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Brexit talks stall on key issues

Rory Broomfield, Director of the Better Off Out campaign, writes:

Brexit talks have seemingly stalled as “no decisive progress on principal subjects” has been reached after the third round of talks with “significant differences to be bridged” as the EU team is branded “incapable” of negotiating by UK officials.

The charge comes as deadlock is reached over not just the so-called ‘divorce bill’ but also how to progress. The UK team, as mentioned by David Davis earlier this week, was looking for “flexibility and imagination” from the EU. He reiterated this call today as the Brexit secretary said the UK has produced “creative solutions” that he hoped would be matched by the EU Commission. Unfortunately, what the UK team seemed to get during this round of talks was a brick wall of bureaucracy.

Earlier on SkyNews the Commissioning Brexit Editor for the Telegraph, Asa Bennett, rightly said that for a negotiation to work it “has to work both ways” and that the EU’s representatives are now seen by the British as “messengers not negotiators”. This is because, for every position that the UK seeks a compromise on, the EU’s team has to refer back to 27 other member states. There was some “fruitful” progress made on Ireland according to M. Barnier, however, overall “there is still some way to go” in the negotiations according to Mr. Davis.

Indeed, the negotiators are still quite far away from being in a position to talk about trade agreements. In mentioning this, Barnier was seemingly keen to stress that the “clock is ticking”.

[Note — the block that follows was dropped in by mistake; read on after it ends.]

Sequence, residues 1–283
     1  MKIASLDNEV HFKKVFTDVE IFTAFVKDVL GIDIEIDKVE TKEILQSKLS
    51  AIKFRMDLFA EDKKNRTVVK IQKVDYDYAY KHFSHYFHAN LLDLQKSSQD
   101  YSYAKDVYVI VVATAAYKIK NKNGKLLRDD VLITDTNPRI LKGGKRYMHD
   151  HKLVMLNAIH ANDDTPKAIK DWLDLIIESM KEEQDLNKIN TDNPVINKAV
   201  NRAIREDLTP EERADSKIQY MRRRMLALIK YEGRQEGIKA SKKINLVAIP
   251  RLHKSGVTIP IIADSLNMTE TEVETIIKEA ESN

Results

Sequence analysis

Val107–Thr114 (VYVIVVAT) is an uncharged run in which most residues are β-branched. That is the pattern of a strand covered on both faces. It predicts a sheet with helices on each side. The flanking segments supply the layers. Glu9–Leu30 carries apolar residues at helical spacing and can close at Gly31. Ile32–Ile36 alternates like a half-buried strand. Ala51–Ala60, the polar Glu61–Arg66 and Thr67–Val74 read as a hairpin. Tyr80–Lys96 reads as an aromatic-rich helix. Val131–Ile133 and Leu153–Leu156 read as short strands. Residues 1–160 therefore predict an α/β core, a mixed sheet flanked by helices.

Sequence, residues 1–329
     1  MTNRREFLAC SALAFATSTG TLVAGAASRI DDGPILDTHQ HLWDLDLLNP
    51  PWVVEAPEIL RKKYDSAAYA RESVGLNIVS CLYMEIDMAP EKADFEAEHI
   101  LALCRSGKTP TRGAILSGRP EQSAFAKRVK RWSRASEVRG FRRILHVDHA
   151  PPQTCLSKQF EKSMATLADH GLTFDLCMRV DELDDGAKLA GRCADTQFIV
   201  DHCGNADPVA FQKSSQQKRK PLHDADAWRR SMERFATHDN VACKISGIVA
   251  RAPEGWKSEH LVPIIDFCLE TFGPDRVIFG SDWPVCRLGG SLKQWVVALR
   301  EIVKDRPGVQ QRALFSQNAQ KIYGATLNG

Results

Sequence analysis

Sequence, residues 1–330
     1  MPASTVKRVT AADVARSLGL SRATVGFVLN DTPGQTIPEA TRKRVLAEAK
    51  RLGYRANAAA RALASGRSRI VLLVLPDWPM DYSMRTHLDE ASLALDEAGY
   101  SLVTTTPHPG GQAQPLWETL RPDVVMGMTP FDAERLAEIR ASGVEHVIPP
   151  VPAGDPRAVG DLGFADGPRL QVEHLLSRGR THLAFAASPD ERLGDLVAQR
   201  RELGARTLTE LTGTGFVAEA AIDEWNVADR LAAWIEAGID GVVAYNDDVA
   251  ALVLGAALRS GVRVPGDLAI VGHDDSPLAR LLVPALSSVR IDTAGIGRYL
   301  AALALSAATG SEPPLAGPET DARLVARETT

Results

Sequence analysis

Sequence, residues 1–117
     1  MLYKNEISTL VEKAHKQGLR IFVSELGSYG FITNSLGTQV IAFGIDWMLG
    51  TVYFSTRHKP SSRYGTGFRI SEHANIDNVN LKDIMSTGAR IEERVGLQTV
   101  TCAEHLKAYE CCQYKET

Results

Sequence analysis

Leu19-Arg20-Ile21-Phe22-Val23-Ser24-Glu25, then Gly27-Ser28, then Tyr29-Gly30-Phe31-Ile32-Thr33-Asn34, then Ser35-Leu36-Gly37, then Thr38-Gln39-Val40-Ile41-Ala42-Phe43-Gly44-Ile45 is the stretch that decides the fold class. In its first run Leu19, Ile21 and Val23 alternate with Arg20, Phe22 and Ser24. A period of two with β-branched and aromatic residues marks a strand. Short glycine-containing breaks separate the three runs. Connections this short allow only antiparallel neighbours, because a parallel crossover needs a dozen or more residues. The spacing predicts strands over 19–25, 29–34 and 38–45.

This is the same problem that faced David Cameron during his ill-fated renegotiation and reflects, as some have previously suggested to me, that Yanis Varoufakis was right when he mentioned in his book, ‘Adults in the Room’, how rigid the EU are when it comes to negotiation.

It means that the UK government has to prepare for a ‘no-deal’ scenario. We cannot have the same situation as with Cameron when, despite there being a possibility of a Leave vote, Whitehall was ordered not to make plans for it happening.

Meanwhile, Tony Blair has met with Jean-Claude Juncker to discuss “current European economics and politics”, which we all know is a code for Brexit.

Although there seems to be some good faith displayed in the press conference, I suspect that the newspapers in the UK and elsewhere will be willing for a catastrophic scenario where the UK is unprepared for the worst. I agree with David Davis when he said in the press conference today that both the UK and the EU must have “one eye on the future” – and the relationship between the UK and the EU. As such, they must both prepare for ‘no deal’ being ‘the deal’.

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